F-22’s still grounded

The Air Force granted a flight waiver to move F-22’s out of the path of Hurricane Irene, but the planes have been grounded off and on for the last five months while investigators try to figure out what’s wrong with the onboard oxygen generating system (OBOGS). Today they announced a delay in the scientific advisory board’s report until later in the winter.

More than 20 F-22 pilots have reported hypoxia-like symptoms. From Defense News:

Toxins found in pilots’ blood include oil fumes, residue from burned polyalphaolefin (PAO) anti-freeze, and, in one case, propane. Carbon monoxide, which leaves the blood quickly, is also suspected.

“There is a lot of nasty stuff getting pumped into the pilots’ bloodstream through what they’re breathing from that OBOGS [On-Board Oxygen Generation System]. That’s fact,” one former F-22 pilot said. “How bad it is, what type it is, exactly how much of it, how long – all these things have not been answered.”

The blood tests were performed after each of the 14 incidents in which pilots reported various cognitive dysfunctions and other symptoms of hypoxia. One couldn’t remember how to change radio frequencies. Another scraped trees on his final approach to the runway – and later could not recall the incident.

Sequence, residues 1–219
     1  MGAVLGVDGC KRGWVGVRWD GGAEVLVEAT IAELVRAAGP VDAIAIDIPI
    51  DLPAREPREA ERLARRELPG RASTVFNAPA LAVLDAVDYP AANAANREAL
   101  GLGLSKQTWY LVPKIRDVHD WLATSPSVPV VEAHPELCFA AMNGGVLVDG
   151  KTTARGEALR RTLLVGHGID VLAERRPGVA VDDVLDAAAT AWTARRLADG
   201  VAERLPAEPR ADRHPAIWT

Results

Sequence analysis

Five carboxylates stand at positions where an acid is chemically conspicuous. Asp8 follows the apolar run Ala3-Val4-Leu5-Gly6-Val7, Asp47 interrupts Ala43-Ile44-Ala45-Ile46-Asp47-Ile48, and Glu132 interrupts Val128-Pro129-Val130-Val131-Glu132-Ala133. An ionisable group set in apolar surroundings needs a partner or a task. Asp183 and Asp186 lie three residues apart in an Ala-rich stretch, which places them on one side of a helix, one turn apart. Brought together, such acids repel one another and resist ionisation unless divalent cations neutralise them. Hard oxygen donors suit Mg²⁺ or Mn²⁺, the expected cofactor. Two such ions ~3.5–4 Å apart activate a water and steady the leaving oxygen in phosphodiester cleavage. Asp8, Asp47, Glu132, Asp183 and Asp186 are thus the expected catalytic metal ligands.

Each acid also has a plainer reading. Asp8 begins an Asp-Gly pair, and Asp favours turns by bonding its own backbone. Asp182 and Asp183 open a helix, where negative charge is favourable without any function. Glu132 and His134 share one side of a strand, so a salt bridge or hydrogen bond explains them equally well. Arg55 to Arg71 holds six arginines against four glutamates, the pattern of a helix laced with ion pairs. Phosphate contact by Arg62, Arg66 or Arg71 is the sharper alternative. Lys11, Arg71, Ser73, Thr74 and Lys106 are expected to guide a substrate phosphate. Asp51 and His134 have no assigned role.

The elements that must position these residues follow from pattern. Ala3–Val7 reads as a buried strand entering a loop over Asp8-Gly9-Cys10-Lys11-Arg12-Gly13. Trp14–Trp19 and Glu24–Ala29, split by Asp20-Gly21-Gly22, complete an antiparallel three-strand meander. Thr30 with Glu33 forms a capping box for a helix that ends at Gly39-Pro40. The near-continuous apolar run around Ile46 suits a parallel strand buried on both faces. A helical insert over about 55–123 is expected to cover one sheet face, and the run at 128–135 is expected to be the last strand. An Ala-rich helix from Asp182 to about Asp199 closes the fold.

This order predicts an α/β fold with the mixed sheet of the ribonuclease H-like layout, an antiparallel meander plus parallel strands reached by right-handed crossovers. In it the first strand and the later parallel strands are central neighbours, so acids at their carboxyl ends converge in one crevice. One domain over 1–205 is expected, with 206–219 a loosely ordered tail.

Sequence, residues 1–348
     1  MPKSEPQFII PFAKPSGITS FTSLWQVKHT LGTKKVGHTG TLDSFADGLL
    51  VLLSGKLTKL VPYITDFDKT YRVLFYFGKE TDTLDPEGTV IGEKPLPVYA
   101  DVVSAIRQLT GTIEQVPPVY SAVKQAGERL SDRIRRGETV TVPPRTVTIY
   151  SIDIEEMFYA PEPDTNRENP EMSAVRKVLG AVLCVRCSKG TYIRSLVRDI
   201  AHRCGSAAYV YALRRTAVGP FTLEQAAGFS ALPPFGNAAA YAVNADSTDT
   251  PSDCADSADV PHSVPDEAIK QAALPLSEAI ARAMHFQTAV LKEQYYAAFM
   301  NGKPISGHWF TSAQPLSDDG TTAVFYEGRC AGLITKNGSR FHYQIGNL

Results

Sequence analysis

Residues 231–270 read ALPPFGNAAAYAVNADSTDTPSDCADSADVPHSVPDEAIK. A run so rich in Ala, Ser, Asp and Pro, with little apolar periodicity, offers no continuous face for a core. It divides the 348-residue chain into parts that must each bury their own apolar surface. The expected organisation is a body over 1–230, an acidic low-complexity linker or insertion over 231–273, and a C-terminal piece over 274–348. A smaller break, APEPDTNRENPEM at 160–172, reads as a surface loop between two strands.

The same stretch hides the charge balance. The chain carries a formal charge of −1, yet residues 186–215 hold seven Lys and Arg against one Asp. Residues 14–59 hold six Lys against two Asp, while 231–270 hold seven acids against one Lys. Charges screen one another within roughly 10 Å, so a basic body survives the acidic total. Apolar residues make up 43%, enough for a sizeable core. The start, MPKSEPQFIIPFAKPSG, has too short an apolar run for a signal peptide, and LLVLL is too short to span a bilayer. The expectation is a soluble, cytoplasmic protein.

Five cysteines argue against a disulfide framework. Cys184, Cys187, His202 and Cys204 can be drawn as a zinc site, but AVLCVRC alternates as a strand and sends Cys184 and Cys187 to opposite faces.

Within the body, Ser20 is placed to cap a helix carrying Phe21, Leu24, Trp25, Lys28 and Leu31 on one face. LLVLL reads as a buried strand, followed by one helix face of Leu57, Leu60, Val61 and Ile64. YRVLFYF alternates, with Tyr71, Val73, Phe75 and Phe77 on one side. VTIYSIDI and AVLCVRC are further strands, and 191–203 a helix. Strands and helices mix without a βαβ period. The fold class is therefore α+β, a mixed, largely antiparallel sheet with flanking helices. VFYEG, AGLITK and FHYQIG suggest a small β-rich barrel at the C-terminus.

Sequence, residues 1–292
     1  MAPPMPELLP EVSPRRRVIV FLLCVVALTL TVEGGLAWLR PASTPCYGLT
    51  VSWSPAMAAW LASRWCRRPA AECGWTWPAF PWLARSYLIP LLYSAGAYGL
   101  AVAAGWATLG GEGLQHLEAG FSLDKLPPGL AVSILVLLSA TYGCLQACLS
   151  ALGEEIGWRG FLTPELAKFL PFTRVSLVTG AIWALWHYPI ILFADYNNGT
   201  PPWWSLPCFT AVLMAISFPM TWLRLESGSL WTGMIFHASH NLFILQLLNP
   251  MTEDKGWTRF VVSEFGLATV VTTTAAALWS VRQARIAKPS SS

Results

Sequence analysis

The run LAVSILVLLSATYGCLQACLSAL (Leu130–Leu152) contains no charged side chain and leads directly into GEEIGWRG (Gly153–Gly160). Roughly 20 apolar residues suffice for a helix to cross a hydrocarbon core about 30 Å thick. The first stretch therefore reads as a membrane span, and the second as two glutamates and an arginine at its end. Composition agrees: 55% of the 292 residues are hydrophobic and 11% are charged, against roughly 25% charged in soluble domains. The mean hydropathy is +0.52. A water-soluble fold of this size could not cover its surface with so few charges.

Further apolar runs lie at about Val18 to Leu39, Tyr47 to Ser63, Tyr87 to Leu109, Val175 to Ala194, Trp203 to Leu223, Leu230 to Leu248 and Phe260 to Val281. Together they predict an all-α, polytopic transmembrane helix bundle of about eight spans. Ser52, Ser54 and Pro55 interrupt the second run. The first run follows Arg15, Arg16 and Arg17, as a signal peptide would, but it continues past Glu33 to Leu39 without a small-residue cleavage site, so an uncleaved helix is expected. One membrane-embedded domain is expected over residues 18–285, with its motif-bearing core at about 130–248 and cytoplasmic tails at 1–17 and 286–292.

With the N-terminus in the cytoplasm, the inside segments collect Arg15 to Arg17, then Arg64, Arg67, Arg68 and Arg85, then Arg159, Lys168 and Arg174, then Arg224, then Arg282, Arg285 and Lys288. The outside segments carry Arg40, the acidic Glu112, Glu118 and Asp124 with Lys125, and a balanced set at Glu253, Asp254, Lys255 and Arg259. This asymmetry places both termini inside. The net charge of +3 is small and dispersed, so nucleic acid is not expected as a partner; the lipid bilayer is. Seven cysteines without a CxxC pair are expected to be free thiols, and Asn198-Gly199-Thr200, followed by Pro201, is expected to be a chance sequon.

I’m sure the investigators have looked at the possibility of contaminated zeolite in the filter system. ISS had a problem with silicone outgassing in the system interfering with the zeolite doing its job of scrubbing the air. The problem was solved with a good bakeout in vacuum prior to flight.

I feel sorry for the pilots being stuck in the simulators for months, and I hope they get the OBOGS straightened out soon.

3 thoughts on “F-22’s still grounded”

    1. It’s speculation on my part, but I would think the OBOGS on the F-22 is quite different from others, mostly because of the extremely high altitude environment they work in. Most fighters rarely go over 40,000ft, where the F-22s routinely go much higher.

  1. Carbon Monoxide does not leave the blood quickly. In fact, CO has a much greater affinity for hemoglobin than oxygen. It will bind to the blood cell rendering it useless for any further oxygen transport to the tissues. The only way it goes away by removal of the cell from the blood stream by the body. That’s not a fast process, alas.

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